Provincial Government Can Help Solve Toronto's School and Public Housing Repair Backlog



July 19, 2018

Hamilton, ON – If the new Ontario government eliminated the practice of restricting bidding on construction projects based on union affiliation, the Toronto District School Board and Toronto Community Housing Corporation would stand to gain billions of dollars. According to the new Cardus report, Skimming off the Top: How Closed Tendering Weakens our Ability to Pursue the Public Good, restricted bidding based on union affiliation adds up to 25 percent to project construction costs and reduces the pool of bidders by 84 percent. With bidding on TDSB and TCHC construction contracts limited to firms affiliated with a subset of building trades unions, the research suggests both organizations are overpaying significantly as they seek to chip away at their $4 billion and $2.6 billion repair bills over the next decade.

“With fair and open bidding for construction projects, the TDSB could find school repairs up to $1.8 billion more affordable,” says Skimming off the Top author Brian Dijkema. “Similarly, the TCHC could find housing repairs $560 million more affordable without asking taxpayers for a penny more.”

The Ontario government could help both the TDSB and TCHC by moving to eliminate the outdated provisions of the Labour Relations Act, which allow them to restrict bidding based on union affiliation. Dijkema notes, the provisions of the Act are fundamentally unfair.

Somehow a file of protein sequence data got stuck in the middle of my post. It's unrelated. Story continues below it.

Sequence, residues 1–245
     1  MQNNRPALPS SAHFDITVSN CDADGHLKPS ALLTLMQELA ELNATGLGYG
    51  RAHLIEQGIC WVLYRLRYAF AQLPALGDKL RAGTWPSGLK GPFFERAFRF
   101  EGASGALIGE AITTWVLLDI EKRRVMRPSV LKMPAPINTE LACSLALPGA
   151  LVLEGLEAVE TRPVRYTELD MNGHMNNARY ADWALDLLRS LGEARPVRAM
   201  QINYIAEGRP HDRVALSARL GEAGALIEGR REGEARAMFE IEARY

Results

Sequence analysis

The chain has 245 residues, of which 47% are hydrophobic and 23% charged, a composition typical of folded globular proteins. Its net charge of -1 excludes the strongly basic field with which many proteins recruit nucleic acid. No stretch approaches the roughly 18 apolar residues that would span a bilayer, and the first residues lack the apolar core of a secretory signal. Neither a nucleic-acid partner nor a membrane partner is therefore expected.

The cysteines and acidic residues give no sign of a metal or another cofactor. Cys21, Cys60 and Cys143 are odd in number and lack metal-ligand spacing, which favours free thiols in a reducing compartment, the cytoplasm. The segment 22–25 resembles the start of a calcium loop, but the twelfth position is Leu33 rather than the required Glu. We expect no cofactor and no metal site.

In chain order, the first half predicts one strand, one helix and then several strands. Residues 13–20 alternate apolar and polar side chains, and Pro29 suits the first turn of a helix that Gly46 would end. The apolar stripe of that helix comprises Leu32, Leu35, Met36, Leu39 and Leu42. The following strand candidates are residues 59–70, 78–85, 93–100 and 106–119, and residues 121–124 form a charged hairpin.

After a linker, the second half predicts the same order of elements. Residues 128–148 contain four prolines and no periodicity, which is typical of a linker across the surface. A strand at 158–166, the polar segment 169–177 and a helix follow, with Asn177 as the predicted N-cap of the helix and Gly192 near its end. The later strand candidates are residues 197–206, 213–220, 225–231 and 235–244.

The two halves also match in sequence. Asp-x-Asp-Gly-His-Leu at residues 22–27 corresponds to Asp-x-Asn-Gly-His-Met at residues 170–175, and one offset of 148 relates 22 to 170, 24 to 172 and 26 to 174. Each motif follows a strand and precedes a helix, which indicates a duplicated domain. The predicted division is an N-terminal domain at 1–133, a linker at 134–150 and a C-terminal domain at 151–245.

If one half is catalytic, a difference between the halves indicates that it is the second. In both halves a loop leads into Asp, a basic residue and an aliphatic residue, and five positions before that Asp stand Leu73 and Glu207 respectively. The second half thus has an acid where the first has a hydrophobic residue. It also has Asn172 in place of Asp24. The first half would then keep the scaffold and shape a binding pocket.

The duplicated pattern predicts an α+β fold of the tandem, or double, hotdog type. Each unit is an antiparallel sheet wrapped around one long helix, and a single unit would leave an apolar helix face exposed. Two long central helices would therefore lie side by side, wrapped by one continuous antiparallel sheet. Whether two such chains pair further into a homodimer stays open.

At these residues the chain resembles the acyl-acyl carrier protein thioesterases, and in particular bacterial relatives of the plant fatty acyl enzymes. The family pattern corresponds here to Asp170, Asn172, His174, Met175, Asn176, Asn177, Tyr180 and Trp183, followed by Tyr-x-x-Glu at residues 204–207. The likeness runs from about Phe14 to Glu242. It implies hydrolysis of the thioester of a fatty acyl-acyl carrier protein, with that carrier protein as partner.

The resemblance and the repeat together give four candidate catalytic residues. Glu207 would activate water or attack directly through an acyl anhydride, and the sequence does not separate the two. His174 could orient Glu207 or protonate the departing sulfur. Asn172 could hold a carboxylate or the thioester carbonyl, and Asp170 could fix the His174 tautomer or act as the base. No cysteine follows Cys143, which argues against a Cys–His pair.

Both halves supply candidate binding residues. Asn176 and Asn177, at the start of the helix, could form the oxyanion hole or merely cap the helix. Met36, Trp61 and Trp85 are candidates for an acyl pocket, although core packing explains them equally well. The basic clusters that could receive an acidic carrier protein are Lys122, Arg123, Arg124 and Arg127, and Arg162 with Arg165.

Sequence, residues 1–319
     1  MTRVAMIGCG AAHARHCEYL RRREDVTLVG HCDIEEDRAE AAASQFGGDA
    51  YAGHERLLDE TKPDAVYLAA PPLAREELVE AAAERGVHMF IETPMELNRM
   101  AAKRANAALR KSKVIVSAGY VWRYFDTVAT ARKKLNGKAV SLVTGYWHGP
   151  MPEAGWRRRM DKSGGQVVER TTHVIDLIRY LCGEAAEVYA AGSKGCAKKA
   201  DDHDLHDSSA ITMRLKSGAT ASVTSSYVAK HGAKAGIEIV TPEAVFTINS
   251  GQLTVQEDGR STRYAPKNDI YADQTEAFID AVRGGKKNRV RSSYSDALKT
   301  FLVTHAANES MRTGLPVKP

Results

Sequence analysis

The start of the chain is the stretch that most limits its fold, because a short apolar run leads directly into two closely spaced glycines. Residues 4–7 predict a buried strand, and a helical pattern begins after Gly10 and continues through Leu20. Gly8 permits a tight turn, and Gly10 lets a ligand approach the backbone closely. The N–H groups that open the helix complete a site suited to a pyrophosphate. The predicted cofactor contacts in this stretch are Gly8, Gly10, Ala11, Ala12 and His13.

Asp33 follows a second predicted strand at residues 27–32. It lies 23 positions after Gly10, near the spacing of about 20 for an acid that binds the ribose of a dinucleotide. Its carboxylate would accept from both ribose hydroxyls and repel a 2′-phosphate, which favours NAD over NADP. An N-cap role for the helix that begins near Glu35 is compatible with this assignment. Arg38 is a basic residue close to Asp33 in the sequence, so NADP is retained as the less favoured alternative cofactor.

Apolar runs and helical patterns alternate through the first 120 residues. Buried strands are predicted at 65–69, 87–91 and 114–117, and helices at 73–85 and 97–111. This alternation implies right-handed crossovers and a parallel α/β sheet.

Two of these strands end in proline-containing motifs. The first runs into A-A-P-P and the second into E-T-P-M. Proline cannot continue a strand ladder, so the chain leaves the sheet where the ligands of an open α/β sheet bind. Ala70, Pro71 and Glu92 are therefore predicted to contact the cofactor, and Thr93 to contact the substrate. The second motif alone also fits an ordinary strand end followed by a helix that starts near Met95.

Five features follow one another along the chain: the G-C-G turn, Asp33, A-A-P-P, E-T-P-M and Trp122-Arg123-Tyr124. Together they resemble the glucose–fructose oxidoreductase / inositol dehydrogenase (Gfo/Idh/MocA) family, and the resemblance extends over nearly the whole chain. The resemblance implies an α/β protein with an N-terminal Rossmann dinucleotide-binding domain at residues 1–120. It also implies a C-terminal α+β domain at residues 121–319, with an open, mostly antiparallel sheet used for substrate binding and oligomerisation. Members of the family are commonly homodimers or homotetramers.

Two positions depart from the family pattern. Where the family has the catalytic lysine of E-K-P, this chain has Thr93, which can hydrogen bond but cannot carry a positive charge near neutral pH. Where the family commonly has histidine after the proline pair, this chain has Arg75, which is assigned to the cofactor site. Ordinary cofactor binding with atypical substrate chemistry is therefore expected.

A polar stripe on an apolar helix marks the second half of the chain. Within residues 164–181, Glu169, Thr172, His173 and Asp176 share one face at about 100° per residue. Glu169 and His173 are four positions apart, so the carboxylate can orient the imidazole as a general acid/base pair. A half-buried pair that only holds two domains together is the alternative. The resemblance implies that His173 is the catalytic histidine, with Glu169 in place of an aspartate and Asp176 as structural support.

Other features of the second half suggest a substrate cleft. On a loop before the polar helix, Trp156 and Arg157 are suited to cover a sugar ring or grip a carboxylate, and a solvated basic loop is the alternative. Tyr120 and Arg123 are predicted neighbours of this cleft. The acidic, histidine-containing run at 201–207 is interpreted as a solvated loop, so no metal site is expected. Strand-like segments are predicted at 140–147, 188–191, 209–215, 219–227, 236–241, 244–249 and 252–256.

“To disqualify a firm whose workers have made a choice to join one union or another is completely contrary to the purpose of government, whose job it is to rule for all, and which has a constitutional obligation not to discriminate against people for exercising their rights,” Dijkema says in Skimming off the Top.

To access Skimming off the Top, click here.



Daniel Proussalidis
Cardus - Director of Communications

Office: 613-241-4500 x508


Cardus is a non-partisan think tank dedicated to clarifying and strengthening, through research and dialogue, the ways in which society's institutions can work together for the common good.